Forgotten Heroes of American Education
The Great Tradition of Teaching Teachers
A volume in the series: Readings in Educational Thought. Editor(s): Chara Haeussler Bohan, Georgia State University. Perry L. Glanzer, Baylor University. Andrew J. Milson, University of North Texas. J. Wesley Null, Baylor University.
This book is titled Forgotten Heroes of American Education because it contains representative writings by significant educators who challenged mainstream thinking. The editors of this volume believe that the work of these thoughtful and important educators deserves to be remembered. They have been forgotten because in the great pedagogical battles of the twentieth century, they lost. Time and again, they battled with their Progressivist colleagues over the purpose and goals of elementary and secondary education. Because they lost the arguments, their role as leaders and thinkers was almost completely ignored by historians of education, who identified with the winners. We think this was a grand mistake. To honor the legacy of these eight educators, we have written this book and entitled it Forgotten Heroes of American Education.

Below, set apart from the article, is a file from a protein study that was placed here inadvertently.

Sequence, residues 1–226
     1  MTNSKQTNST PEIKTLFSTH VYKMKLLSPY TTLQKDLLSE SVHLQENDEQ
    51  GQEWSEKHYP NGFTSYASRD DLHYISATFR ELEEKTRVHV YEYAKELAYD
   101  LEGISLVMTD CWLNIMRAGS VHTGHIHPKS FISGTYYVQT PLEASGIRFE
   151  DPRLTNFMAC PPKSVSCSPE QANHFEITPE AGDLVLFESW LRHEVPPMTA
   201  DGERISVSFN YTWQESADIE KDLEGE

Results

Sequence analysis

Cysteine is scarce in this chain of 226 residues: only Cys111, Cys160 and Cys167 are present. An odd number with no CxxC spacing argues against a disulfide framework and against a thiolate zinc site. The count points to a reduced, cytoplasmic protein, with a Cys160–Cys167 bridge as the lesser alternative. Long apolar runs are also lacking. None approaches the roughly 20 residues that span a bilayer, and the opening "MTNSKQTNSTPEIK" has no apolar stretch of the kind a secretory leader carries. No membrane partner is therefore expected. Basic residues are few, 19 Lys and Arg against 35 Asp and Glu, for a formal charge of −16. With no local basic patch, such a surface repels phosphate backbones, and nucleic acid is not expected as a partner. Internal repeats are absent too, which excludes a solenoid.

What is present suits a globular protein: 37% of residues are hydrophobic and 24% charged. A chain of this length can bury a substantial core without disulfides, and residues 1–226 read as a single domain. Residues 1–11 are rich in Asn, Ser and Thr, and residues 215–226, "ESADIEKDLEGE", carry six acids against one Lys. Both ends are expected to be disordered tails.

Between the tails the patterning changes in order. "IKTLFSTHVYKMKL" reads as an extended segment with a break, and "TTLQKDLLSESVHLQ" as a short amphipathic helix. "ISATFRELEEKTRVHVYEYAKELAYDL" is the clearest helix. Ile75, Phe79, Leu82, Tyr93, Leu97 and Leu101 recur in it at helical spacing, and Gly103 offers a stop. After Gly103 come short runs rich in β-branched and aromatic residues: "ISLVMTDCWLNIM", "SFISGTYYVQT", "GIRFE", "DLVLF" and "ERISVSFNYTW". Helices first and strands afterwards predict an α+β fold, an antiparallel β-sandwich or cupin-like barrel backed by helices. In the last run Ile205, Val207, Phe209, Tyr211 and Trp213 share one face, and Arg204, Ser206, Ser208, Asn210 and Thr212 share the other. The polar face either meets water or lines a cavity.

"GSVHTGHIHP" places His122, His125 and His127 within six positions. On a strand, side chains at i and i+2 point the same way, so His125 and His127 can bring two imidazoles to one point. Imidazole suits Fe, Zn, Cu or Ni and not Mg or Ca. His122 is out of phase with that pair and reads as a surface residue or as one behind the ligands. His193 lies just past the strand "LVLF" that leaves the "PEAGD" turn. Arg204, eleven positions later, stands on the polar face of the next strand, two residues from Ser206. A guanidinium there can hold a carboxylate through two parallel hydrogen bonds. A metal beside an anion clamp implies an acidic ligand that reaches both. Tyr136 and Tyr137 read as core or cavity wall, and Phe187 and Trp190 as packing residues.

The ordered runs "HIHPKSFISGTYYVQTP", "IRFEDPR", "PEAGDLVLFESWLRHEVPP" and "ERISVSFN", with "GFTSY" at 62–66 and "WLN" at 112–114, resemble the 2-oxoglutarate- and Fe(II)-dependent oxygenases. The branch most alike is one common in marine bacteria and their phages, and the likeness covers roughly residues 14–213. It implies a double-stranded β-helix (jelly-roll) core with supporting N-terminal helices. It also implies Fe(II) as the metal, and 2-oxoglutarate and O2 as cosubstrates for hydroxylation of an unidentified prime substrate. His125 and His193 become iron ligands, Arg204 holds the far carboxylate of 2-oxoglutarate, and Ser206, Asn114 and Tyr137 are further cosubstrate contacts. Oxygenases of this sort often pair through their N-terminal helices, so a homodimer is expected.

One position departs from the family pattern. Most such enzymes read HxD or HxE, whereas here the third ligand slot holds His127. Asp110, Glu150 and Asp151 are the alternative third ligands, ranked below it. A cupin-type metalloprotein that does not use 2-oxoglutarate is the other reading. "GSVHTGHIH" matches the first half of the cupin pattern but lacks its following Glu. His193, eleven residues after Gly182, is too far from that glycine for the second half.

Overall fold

Foreword by Ravitch; Introduction by Null; William C. Bagley, 1907, Craftshmanship in Teaching; 1904, Ideals Versus Generalized Habits; 1907, The School’s Responsibility for Developing the Controls of Conduct; 1908, Optimism in Teaching; 1908, The Ideal Teacher; 1909, Education and Utility; 1910, The Scientific Spirit in Education; 1913, The Future of the Training of Teachers; 1916, Some Handicaps to Education in a Democracy; 1918, The Distinction Between Academic and Professional Subjects; 1918, Education and our Democracy; 1918, The Status of the Classroom Teacher; 1921, The Nation’s Debt to the Normal Schools; 1921, Projects and Purposes in Teaching and Learning; 1922, Preparing Teachers for the Urban Service; 1924, The Army Tests and the Pro-Nordic Propaganda; 1928, What is Professionalized Subject-Matter?: A Statement and Brief Development of Thesis; 1929, The Profession of Teaching in the United States; 1929, The Teacher’s Contribution to Modern Progress; 1930, Teaching as a Fine Art; 1930, The Upward Expansion of Mass Education: Its Causes and Some of the Problems That It Has Raised; 1933, What Does The Dominant American Theory of Education Imply for the Redirection of the Professional Education of Teachers?; 1933, The Ideal Preparation of a Teacher of Secondary Mathematics from the Point of View of an Educationist; 1933, Modern Educational Theories and Practical Considerations; 1936, Some Master Teachers I Have Known; 1938, Are the Essentialists the True Progressives?; 1938, Teachers’ Rights, Academic Freedom, and the Teaching of Controversial Issues; 1939, Basic Problems in Teacher Education; 1941, Latin from an Educationist’s Point of View; 1946, A ’Realistic’ Attitude Toward the Teachers-College Problem; Charles DeGarmo, 1907, Social Aspects of Moral Education; David Felmley, 1914, The Reorganization of the Normal-School Curriculum; William Torrey Harris, 1879, The Science of Education; 1890, University and School Extension; 1896, Educational Values; 1897, The Relation of School Discipline to Moral Education; 1899, A Brief for Latin; 1899, The Future of the Normal School; Isaac L. Kandel, 1929, The Influence of Dewey Abroad; 1936, Is the New Education Progressive?; 1939, Prejudice the Garden Toward Roses?; 1940, Address at St. Paul’s Chapel, Columbia University; 1940, The Profession of Teaching; 1941, The Fantasia of Current Education; 1943, Selection from The Cult of Uncertainty; 1959, Character Formation: A Historical Perspective; 1960, Revival of American Education; Charles Alexander McMurry, 1880, How to Conduct the Recitation; 1894, Special Method for Literature and History in the Common Schools; 1897, Selection from The Elementary Schools and Civic Education; 1925, Practical Teaching; William C. Ruediger; 1912, The Present Status of Education as a Science; Edward Austin Sheldon, 1862, Selection from A Manual of Elementary Instruction; John Dewey’s Forgotten Essays, 1896, Pedagogy as a University Discipline; 1903, The Relation of Theory to Practice in the Education of Teachers; 1926, Individuality and Experience; 1930, How Much Freedom in New Schools? Index. About the Editors.
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